And it would be about here that I would say 'Whatever' or insert some other transitional phrase, so that redirecting the focus back to the main narrative flow doesn't seem like such a jarring experience.

So, anyway (as opposed to whatever, because sometimes, anyway just seems to work better; but, whatever), adding nested constructions that actually make sense if pulled straight, along with attending to grammar and proper punctuation, that's a reread or two right there. And in an article like this, that's what I'm proofreading for (write the rough draft, pull it straight, correct for grammar; and that equals one, two, three rereads, and it's time to post the page). But in a novel, if it's any good (you know, any good in my opinion), for the first two, three, or four rewrites an unbelievable amount of color is still being added, which means additional facts are continually being inserted, facts that need to be kept in order (i.e. fact checked) and the effects of which trickle down the line (does the story still make sensse, oh, this contrasts with something said elsewhere, and so on). And this continues apace... until one day, the story is 'done'.

After experiencing how much depth and flavour is added during the rewrites, I can't see how they can be outsourced to another (as much as I'd like to do just that, I suppose that's the Holy Grail of a writing partner). On the other hand, once the story truly is 'done', I like the idea of letting someone else do the final proofread for punctuation, grammar, and even rewording a few of the trickier sentences. I say a few, because there will only be just a few, never mind what my editor says, probably time to get a new editor now that I think about it...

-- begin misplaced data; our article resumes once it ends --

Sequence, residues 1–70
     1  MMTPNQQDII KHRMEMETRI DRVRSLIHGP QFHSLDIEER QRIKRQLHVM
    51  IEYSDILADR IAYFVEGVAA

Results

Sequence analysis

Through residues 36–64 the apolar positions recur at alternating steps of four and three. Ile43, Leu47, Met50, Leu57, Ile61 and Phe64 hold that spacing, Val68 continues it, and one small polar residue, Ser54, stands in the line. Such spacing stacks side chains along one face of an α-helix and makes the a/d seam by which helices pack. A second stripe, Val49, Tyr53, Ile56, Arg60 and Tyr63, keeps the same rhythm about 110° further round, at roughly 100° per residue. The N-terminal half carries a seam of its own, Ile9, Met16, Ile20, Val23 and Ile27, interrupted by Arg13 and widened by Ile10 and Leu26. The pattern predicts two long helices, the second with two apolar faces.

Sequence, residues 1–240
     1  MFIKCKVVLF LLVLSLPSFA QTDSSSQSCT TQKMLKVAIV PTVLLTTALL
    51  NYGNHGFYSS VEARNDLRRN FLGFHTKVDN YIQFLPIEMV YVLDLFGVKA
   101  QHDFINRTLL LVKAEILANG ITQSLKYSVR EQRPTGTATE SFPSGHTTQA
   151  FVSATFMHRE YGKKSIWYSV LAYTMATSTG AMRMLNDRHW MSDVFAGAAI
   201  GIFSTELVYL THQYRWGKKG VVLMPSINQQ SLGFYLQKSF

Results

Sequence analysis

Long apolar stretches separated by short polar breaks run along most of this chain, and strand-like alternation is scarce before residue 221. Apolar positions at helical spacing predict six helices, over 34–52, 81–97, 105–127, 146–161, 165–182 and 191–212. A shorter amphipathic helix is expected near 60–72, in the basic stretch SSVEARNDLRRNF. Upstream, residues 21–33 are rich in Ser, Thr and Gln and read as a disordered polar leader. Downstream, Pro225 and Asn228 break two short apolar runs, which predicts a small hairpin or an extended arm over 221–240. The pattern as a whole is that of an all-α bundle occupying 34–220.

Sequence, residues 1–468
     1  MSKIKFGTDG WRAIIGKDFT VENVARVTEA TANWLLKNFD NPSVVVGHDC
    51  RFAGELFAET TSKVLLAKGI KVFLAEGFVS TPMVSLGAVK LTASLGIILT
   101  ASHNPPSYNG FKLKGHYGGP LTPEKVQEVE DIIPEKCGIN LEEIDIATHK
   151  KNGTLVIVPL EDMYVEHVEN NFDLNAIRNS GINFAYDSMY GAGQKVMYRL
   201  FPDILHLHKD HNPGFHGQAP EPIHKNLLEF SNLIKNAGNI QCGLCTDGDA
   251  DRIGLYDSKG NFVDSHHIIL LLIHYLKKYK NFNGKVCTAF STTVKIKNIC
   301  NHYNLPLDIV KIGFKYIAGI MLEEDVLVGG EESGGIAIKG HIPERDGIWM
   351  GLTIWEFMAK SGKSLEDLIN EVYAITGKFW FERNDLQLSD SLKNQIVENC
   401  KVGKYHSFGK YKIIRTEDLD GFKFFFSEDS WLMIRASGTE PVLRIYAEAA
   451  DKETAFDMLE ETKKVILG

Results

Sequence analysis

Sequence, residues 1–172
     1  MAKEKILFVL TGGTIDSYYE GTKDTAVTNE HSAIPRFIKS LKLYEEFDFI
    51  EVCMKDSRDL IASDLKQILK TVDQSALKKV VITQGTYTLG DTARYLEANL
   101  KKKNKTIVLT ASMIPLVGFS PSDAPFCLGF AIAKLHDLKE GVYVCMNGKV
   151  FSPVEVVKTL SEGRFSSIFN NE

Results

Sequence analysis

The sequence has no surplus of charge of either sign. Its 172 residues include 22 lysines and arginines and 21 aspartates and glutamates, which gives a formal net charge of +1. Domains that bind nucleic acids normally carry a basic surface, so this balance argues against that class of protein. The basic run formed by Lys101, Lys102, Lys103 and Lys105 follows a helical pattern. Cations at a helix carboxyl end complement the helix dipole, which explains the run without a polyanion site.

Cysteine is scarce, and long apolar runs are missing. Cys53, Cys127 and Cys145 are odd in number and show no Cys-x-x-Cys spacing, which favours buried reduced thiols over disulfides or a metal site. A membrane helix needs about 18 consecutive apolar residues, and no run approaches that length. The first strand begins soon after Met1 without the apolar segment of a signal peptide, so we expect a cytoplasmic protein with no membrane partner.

The End

I figure I've got maybe a thousand hours split over six years invested into the Earth B©und edition of Minataur Tails, what, between editing, translating, and all the rest. I guess it would have taken me longer if I'd actually written the blessed thing. But maybe not. Word is, Celli (the Happy Go Lucky Celaphopod) is said to have written the rough draft in a K'fr induced stupor/spree in just over a month. And really, after six years editing, what's one more month between friends (especially if that last month is spent in a K'fr induced stupor 'slash' spree).

When I explain programming to non-programmers, I sometimes like to use the metaphor of gaming (not that I'm a gamer, but), one can either play games or make them, I choose to make them.

The same holds true for writing. One can either be a reader or a writer. Sure, this page is perhaps a colossal waste of time. But before I started writing, I'd just have spent the time reading. And the truth is, I've spent enough time reading to know my stuff isn't any worse than the rest.

Brett Paufler: His Stuff Wasn't Any Worse Than the Rest...

None of us should take ourselves too seriously. Not even Beauregard, staring out the window, watching the birds, trying desperately to plot out of his revenge... or at least, figure out his comeback role.

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Nobody spells
Minataur Tails
like Celli does.

Read the book,
find out why.

© copyright 2016 Brett Paufler

written 5-30-16 to 6-3-16
+/- six sprees of around an hour each
so, roughly, a day's labour to make this post
was it worth it...